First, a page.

What is CWD? CWD is a naturally occurring disease of the brain and nervous system in deer and elk. It attacks the brain of deer and elk, producing small lesions that eventually result in death. CWD was first recognized in the late 1960s in a herd of captive mule deer in Colorado. Although the disease was discovered over 30 years ago, it recently has received much media attention because of its discovery in free-ranging deer in southern Wisconsin and western Colorado. Only four species, mule deer, white-tailed deer, moose and elk, appear to be naturally susceptible to CWD. Domestic livestock and humans are not known to be susceptible to CWD.
Where is CWD found? Prior to 2005, the disease had only been found in North America west of Illinois. In 2005, CWD was documented in captive and free-ranging herds in New York and in free-ranging herds in West Virginia. Since then, it has also been discovered in several other states. CWD has not been found in Connecticut or New England. States and Canadian provinces where CWD has been confirmed include: Colorado, Wyoming, Utah, New Mexico, Montana, South Dakota, Kansas, Minnesota, Wisconsin, Illinois, Nebraska, Oklahoma, New York, West Virginia, Michigan, Virginia, Maryland, Missouri, North Dakota, Alberta, and Saskatchewan.
What is CT doing about CWD? Connecticut, along with many other states, banned the importation of live cervids (species in the deer/elk family) across state lines. In 2005, Connecticut passed an emergency regulation banning the importation of whole carcasses or parts thereof of any deer or elk from wild or captive herds from other states or Canadian Provinces where Chronic Wasting Disease has been confirmed. The ban on importation did not apply to meat that was de-boned, cleaned skullcaps, hides or taxidermy mounts. The regulation became permanent in 2007.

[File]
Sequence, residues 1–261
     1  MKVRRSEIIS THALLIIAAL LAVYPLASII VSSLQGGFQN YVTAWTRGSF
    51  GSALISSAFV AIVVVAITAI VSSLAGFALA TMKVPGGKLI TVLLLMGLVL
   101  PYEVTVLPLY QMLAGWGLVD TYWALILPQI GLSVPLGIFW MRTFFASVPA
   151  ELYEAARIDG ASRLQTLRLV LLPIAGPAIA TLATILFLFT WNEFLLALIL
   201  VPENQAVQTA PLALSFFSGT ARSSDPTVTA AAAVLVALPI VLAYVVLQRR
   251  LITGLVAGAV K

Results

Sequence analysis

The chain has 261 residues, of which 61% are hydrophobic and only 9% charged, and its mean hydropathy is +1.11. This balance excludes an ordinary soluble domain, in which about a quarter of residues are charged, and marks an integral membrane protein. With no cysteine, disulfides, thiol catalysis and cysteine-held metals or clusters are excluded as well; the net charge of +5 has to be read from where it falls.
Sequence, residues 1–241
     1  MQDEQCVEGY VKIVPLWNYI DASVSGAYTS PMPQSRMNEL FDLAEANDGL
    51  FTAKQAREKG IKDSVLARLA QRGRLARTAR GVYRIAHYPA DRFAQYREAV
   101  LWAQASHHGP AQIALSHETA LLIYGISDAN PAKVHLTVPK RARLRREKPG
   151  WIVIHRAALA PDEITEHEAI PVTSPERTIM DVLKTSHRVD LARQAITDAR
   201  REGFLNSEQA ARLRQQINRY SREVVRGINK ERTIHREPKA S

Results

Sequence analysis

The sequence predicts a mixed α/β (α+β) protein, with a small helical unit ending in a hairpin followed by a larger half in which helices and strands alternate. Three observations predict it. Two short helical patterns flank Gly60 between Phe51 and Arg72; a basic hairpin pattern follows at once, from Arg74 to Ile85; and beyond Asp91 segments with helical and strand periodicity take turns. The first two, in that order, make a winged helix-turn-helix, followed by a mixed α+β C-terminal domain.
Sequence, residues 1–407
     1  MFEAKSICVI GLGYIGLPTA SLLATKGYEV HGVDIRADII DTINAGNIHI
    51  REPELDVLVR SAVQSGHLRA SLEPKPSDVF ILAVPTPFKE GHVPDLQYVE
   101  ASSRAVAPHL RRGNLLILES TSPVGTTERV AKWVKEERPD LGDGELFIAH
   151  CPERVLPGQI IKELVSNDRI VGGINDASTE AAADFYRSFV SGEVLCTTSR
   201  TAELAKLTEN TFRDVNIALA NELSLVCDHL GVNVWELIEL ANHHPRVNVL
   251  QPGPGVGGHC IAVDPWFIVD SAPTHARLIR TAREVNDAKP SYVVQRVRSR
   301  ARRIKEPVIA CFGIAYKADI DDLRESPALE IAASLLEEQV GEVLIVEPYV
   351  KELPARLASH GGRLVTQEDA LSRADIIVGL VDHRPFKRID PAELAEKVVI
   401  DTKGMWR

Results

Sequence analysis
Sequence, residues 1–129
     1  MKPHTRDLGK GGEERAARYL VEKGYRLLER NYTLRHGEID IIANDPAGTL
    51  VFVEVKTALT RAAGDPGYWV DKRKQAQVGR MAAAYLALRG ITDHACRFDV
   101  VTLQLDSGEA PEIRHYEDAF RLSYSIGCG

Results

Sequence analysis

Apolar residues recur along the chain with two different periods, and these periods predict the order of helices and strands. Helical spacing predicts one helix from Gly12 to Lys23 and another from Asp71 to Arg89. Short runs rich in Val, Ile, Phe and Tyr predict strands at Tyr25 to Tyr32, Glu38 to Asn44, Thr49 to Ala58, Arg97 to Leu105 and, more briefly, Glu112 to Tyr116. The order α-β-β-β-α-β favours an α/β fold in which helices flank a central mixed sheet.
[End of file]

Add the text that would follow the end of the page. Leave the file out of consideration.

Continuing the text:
Since 2003, the DEEP Wildlife Division has been testing hunter- and vehicle-killed deer as part of a nationwide CWD monitoring and surveillance program. To date, no evidence of CWD in Connecticut’s deer herd has been detected.
How do I know if an animal has CWD? As the disease advances, infected animals begin displaying abnormal behavior, such as staggering or standing with very poor posture. Infected animals become emaciated and appear to be in very poor health. The only efficient method to diagnose CWD is to dispatch the animal and examine the brain tissue for lesions. Anyone observing a deer exhibiting symptoms of CWD should notify the DEEP Wildlife Division (860-424-3011) or the DEP’s 24-hour TIP hotline (1-800-842-HELP). If the animal is dispatched, the head should be kept intact so that a brain sample can be collected for testing.
Should hunters be concerned? No known link exists between CWD and humans, however, health officials advise hunters not to consume meat from animals known to be infected with CWD and recommend boning out meat. As usual, hunters should continue to employ normal precautions when field dressing deer, such as wearing rubber gloves. Concerns about CWD should not keep hunters from participating in Connecticut’s deer seasons.
Regulations in red are new this year.
Purple text indicates an important note.